Chris Sparling 21:18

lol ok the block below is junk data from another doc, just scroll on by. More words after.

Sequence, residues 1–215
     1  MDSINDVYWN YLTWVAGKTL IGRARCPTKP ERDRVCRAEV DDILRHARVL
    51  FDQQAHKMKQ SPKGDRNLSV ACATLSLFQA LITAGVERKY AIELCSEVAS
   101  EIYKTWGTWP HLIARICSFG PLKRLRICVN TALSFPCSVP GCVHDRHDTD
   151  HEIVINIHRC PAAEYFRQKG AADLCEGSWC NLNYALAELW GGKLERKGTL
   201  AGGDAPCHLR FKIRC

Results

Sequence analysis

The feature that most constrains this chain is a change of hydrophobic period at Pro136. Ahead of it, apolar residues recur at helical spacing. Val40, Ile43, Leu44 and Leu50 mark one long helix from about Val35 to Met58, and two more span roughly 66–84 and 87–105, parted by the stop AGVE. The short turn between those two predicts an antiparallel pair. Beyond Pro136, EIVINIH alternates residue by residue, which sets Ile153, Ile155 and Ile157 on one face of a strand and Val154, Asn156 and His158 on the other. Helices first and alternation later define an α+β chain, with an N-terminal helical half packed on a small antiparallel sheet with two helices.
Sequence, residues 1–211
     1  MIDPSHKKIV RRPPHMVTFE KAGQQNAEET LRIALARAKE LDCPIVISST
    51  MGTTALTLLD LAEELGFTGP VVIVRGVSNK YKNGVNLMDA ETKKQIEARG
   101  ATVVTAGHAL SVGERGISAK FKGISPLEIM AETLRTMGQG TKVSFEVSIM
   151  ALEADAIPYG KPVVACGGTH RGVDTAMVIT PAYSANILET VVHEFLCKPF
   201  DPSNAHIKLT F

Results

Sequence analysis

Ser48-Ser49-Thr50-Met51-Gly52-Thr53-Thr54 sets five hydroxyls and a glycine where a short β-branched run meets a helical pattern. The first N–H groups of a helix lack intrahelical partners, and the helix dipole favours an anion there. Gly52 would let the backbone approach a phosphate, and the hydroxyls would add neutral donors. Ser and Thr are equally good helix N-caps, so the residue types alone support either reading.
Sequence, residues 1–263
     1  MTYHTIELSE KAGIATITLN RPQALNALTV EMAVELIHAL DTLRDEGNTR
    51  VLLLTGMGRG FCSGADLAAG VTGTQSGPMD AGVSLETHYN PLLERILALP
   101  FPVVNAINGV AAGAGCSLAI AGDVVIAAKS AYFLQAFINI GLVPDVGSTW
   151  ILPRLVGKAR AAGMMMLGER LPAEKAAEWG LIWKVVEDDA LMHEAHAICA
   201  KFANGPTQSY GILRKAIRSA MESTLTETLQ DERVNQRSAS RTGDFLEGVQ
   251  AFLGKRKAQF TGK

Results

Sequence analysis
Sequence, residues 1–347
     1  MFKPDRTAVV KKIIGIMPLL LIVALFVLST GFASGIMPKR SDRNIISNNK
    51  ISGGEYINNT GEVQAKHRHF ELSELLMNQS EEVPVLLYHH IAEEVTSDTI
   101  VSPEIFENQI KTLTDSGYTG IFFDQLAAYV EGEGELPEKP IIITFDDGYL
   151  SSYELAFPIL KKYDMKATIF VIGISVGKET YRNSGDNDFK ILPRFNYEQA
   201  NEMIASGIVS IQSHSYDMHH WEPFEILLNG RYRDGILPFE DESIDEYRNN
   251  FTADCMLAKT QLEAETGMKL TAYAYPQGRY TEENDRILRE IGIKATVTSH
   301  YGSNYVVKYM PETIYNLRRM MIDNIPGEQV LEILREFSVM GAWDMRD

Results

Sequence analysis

Yeah. Yeah, I mean, that was happening. Again, it's been a long time now. But that was happening before the movie even came up. That stuff was and that was that Limbo phase again, where it's like, Yeah, right. You're like going to these meetings and meeting all these people, as producers and at the studios, and then you're like, let's go back to your normal life at home. So that stuff was happening prior to. And then after you get on, you know, the lists, everybody you know, the list you want to beyond and kind of like the incoming call business, which is great. And that was the case for a while. And so yeah, I mean, that's, that's the nature of I think that's what, you know, that's I think you learn with your maturity and just doing this for now. I've been doing this for over 12 years, I think professionally, and it's like, you learn how like people are the toast of the town, and they're the new hot, cool thing. And then it's somebody else's turn. And then maybe you it's your turn again, down the line. But in a weird way, Alex, it's the kind of thing like if I had found success, when I first started out doing this, like all of this, it may sound cliche to say, but I think it is true. It's like I don't know if I would have been mature enough to handle it. Because especially when I wasn't the flavor of the moment anymore, because it is a very fleeting moment. We're kind of within like, Oh, well, I was like, You guys made me think I was like, cool. And I was the shit. And all of a sudden I'm like, you know, come that doesn't feel like as much anymore. And, you know, I think I was settled enough in my normal life. And sure enough, those older to be like, I'm just gonna keep working. You know, I'm just gonna keep hustling and working, that's not going to change and then come with me.